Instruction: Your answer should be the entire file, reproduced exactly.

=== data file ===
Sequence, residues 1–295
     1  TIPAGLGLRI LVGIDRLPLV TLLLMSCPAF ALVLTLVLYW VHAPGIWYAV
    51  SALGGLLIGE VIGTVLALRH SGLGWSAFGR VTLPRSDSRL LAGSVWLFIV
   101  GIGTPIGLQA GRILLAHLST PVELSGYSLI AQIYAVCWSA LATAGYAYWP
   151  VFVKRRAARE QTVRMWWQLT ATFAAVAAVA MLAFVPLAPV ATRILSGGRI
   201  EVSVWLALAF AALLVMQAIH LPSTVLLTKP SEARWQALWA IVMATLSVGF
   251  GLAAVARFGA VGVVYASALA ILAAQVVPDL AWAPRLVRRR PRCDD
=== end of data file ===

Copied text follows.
Sequence, residues 1–295
     1  TIPAGLGLRI LVGIDRLPLV TLLLMSCPAF ALVLTLVLYW VHAPGIWYAV
    51  SALGGLLIGE VIGTVLALRH SGLGWSAFGR VTLPRSDSRL LAGSVWLFIV
   101  GIGTPIGLQA GRILLAHLST PVELSGYSLI AQIYAVCWSA LATAGYAYWP
   151  VFVKRRAARE QTVRMWWQLT ATFAAVAAVA MLAFVPLAPV ATRILSGGRI
   201  EVSVWLALAF AALLVMQAIH LPSTVLLTKP SEARWQALWA IVMATLSVGF
   251  GLAAVARFGA VGVVYASALA ILAAQVVPDL AWAPRLVRRR PRCDD